To get here you first have to find some very awkward and hard to find lanes which join up to better signposted roads - then if you're facing the right way (with the Downs on your left or right or straight ahead - depending which of these you have got to) then you wiggle along a bit and then all of sudden the name of the lane changes.

Coming from one direction the fact that you have arrived is confirmed by a sign.

But if you're unlucky enough to come from one of the other directions then the road sign has fallen off and all you see is some posts in a ditch.

you are not yet hereThere is some kind of directional marker at this point with various words on it which you can't guarantee you'll read as you drive around trying to avoid hitting anything coming the other way or going into a ditch.

This is at the intersection of 2 other lane names which meet at an awkward angle - so when driving along 2 of them (Wickham Lane and Beechwood Lane) you can get the false impression that you're actually continuing in a straight line along one and the same lane.

But I can assure you - you're not.

A lot of people keep driving on when they should be giving way too.

(By the way - if you know the names of those other 2 lanes already then this blog wasn't intended for navigational experts like you. You should probably be the one writing it.) Anyway at that point - where the 3 lanes (with different names) all come together in a triangle- the road sign does say something about East Chiltington. (I think it does. I'll go out later and check if it still does.)

The angle it's pointing to can be difficult to judge. So a practical hint is this.

If you see the sign which says East Chiltington and you haven't just come from Chiltington Lane and if you aren't coming from another detour (which you already have confirmed is the wrong way) then that's probably the right way to go.

About a mile up the road on your right you will encouragingly see a confirmatory sign which says unambiguously "Chiltington Lane" (hurrah!) and then you know you've just driven through it and should turn around and go back to where you've just been. That was it.

In another blog I'll give you the exact set of instructions to give visitors or delivery drivers - which take into account how high their vehicles are whether it's likely to be raining or it's a Wednesday.

well done!

Now you know how to get here you must be exhausted.

If you live here you can now make yourself a cup of tea (or something stronger) and rummage around the larder to see if you've got any cakes or biscuits or crisps uneaten. (Save some for me. I might pop along and join you later.)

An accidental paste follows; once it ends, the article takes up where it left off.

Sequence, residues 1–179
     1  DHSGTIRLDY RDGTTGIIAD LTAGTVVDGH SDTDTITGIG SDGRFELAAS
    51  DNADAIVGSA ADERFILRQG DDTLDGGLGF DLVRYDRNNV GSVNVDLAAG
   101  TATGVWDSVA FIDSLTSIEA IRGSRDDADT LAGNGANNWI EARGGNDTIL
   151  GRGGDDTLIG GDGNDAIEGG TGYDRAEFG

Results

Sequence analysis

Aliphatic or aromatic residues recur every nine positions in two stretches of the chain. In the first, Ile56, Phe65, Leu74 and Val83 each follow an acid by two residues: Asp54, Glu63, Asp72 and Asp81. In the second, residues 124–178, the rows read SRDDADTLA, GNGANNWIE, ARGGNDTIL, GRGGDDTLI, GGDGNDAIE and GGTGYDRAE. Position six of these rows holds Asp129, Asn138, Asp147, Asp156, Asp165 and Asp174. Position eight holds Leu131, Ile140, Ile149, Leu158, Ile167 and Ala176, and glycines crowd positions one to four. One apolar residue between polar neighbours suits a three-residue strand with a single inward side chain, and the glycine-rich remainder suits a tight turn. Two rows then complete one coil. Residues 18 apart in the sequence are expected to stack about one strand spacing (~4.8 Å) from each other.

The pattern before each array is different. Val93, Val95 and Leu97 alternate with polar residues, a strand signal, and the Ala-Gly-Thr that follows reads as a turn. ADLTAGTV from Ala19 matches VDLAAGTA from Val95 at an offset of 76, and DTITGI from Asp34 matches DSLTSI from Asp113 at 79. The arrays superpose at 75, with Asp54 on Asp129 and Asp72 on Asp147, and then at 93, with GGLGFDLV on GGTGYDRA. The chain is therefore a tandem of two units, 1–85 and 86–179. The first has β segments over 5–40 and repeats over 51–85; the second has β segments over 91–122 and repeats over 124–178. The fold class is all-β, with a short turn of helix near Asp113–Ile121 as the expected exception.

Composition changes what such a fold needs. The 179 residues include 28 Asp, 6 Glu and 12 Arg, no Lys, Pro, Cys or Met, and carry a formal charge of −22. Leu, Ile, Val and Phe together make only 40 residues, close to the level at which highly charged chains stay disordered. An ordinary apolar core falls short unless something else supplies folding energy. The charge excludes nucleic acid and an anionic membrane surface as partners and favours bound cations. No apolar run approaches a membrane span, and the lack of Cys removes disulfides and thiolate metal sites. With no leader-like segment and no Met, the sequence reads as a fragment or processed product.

But if you are intrigued by the idea of visiting and staying a bit longer I've researched and posted a list of B&Bs which are in and about the lane.

There is some navigation involved in that blog too. But it's less of a struggle as we start somewhere which by now you already know... the end of the lane which has no Chiltington Lane sign. And if you don't know where that is then you might have to reread this blog again from the beginning.

here's something else for walkers and riders

walks and rides - a book about the Bevern Sringline villagesLong time Chiltington Lane resident Mary Parker - who never gets lost around here (if you click on her name it will take you to her blog page on the South Downs web site) has written many books with local themes.

Her book Walks and Rides around the Bevern Springline Villages is "about the historic villages of Ditchling, Westmeston, Streat, Plumpton, East Chiltington, St. John Without and Hamsey. Linked by the Bevern Stream, these villages are of Saxon origin The surrounding countryside is criss-crossed with public rights of way which provide walkers, horse riders and cyclists with marvellous opportunities to enjoy fresh air, beautiful countryside and historic places." ...more about this book
Chiltington Lane sign (Highbridge end)

If you drive past this sign then you're either going towards your destination (or you might have just missed it).

Re the above sign BTW - after reviewing an earlier photo of the same sign on the home page of Chiltington Lane and remarking on the poor contrast of text to background - our intrepid photographic team was tasked with the mission of trekking back with the technology to clean it afore taking a more handsome looking close-up.

Reader I have to confess to you that the poor readability of this sign (which no doubt has confused many a wouldbe visitor who has missed it in the murkier hours of daylight and ended up in the outer wildernesses of Haywards Heath) is due to its patina.

The crumbling rusty nature of the sign therefore is part of its rustic character and a cause for celebration. We don't want a shiny new ome thank you.

Although it would be jolly nice to have one with some encouraging words on it at the other end of the road.

The photo below shows you what the Chiltington Lane sign looks like at the other end of the road where it meets Wickham Lane.

Chiltington Lane sign at junction with Wichham  Lane

Chiltington Lane OS views

I've got lost even when I was comfortably near the centre of the zone shown by the above map.

Map image from Ordnance Survey


The sign above points to some other places for - as many have discovered - East Chiltington at 1¾ miles is not Chiltington Lane.

You're really close when you see this sign.

Less than half a mile away from the centre of Chiltington Lane itself.

However it's still possible to drive for a long way the wrong way - as I discovered on my second visit while house hunting without the benefit of a satnav.

If you follow all three directions - then one of them will be right.

One out of three is pretty good odds when it comes to navigating as far as I'm concerned.

When you have correctly identified the lane (by technology or asking someone you see walking) the next tricky part is finding the right house.

The Chiltington Lane grid system and the ascending and descending order of house numbers relative to the Sussex Greensand Way underpass will be discussed in a future blog.

other signs in the lane

In the summer of 2016 there were some other signs in the lane too. They were more about keeping things as they are for future generations rather than getting onto the next destination. ...read more